Google's Megan Smith named new US technology chief
Smith, a former vice president at Google X, is heading to Washington to help the Obama administration navigate the terrain at the intersection of tech and government.
Google executive Megan Smith will become the country's new chief technology officer, the White House announced Thursday. President Obama also named Alexander Macgillivray, Twitter's former general counsel, to be her deputy.
Both Smith and Macgillivray are well-respected figures in Silicon Valley. Smith most recently has been a vice president at Google X, the division of the company that develops its most ambitious projects, including driverless cars and Wi-Fi beaming balloons. At Twitter, Macgillivray was known as a champion of free speech for the social network's users.
"Megan has spent her career leading talented teams and taking cutting-edge technology and innovation initiatives from concept to design to deployment," said Obama, in a statement. "I am confident that in her new role as America's Chief Technology Officer, she will put her long record of leadership and exceptional skills to work on behalf of the American people."
Google co-founder Sergey Brin, who spends much of his time now on Google X projects, commented on Smith's appointment. "Megan has inspired so many people through her commitment to inclusion and innovation," said Brin, in a statement to CNET. "We'll miss her at Google X and are excited to see what the future holds for her in Washington."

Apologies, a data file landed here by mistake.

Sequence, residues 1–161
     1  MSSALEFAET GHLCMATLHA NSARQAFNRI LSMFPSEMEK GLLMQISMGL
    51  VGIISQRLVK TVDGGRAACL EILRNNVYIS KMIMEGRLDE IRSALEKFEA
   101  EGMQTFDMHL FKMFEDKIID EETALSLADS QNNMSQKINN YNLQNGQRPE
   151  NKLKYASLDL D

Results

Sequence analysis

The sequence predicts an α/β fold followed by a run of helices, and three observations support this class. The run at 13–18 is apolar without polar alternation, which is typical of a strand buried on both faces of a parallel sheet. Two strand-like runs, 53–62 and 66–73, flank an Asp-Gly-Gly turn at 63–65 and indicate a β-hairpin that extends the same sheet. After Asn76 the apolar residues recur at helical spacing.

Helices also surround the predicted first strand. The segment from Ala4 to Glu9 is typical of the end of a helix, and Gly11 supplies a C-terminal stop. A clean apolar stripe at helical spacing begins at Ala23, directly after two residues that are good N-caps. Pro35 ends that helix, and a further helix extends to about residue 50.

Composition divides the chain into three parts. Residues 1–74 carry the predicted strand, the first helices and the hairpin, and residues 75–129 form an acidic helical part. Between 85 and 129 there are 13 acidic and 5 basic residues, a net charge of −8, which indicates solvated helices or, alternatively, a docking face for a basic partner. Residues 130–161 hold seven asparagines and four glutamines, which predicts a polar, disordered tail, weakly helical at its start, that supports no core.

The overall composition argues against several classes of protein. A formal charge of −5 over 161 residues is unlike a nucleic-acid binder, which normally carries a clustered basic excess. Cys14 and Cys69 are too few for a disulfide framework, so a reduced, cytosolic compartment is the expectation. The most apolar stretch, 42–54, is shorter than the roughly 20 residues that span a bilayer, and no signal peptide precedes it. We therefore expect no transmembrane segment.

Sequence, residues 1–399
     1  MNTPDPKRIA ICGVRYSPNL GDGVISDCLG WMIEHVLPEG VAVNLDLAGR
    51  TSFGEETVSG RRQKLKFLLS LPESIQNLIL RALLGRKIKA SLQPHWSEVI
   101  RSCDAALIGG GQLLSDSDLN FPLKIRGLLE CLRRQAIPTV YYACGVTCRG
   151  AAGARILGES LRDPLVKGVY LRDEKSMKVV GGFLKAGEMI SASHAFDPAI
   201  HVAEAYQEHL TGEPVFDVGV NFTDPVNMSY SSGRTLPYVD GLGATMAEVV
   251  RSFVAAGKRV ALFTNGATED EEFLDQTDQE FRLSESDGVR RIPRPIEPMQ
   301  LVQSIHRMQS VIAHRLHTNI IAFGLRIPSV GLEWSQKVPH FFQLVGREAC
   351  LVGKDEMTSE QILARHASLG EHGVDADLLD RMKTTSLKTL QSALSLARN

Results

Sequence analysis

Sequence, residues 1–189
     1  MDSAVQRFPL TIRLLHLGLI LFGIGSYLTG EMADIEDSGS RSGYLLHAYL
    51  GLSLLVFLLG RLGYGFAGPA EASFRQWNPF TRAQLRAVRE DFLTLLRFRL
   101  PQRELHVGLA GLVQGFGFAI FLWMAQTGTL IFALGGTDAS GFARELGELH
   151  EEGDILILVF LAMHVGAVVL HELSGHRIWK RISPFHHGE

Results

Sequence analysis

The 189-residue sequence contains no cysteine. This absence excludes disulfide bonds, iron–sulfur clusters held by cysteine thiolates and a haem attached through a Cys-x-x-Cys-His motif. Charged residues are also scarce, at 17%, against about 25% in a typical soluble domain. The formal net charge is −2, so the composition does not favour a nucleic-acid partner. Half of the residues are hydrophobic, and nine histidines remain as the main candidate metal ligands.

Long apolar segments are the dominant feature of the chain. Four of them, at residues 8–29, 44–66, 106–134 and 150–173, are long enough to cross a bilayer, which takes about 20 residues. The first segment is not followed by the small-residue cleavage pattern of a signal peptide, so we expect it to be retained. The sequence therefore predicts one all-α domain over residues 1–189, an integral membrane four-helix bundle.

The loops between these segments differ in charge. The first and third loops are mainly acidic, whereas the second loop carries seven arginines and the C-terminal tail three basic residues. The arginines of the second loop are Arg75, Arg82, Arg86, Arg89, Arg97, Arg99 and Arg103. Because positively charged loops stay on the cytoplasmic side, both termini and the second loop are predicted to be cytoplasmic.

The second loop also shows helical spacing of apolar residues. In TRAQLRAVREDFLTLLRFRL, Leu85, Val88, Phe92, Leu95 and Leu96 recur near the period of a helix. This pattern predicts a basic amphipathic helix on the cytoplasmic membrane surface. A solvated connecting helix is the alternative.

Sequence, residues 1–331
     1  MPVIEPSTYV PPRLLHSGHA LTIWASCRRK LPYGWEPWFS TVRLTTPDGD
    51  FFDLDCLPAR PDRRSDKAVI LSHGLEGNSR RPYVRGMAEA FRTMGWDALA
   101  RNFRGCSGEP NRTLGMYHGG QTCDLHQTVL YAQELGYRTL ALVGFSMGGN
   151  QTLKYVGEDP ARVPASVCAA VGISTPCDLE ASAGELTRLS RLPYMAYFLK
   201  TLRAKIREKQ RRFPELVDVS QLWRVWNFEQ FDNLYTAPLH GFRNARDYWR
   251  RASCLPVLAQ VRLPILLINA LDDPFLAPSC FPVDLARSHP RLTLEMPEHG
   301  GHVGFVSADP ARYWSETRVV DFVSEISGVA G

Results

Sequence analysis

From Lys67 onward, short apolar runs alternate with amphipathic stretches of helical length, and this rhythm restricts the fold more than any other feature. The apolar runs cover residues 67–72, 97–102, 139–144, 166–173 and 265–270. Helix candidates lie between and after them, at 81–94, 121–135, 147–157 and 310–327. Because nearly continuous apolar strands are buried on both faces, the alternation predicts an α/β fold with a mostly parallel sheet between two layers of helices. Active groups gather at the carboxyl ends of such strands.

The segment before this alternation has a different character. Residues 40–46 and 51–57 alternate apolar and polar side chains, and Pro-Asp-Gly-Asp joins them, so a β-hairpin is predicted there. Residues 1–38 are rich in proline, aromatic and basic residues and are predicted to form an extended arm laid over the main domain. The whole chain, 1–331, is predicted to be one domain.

Smith will step into the post as the US navigates increasingly tricky terrain between technology and government. She replaces Todd Park, who spent much of the later part of his tenure addressing problems with the federal government's troubled rollout of Healthcare.gov.
Obama created the CTO position on his first full day in office in 2009, appointing Aneesh Chopra to the post, before Park took over in 2012.
In her new role, Smith will guide the Obama administration in matters of information technology policy, John P. Holdren, assistant to the president for science and technology, said in a blog post. Macgillivray will focus on subjects like Internet and intellectual property policy, and the "intersection of big data, technology, and privacy," said Holdren. Macgillivray was also a prominent member of Google's legal team before joining Twitter in 2009.
Prior to her post at Google X, Smith, an MIT mechanical engineering graduate, was a vice president of business development, and also led Google's philanthropic arm, Google.org. She also helped orchestrate some of the company's most seminal acquisitions, like Maps and Earth, which would become important platforms to Google. Before joining Google, she was CEO for PlanetOut, a site for gay and lesbian Internet users.
"I look forward to working with both of them -- and colleagues across the aministration and beyond -- to continue advancing the President's technology and innovation agenda for the good of the nation," wrote Holdren.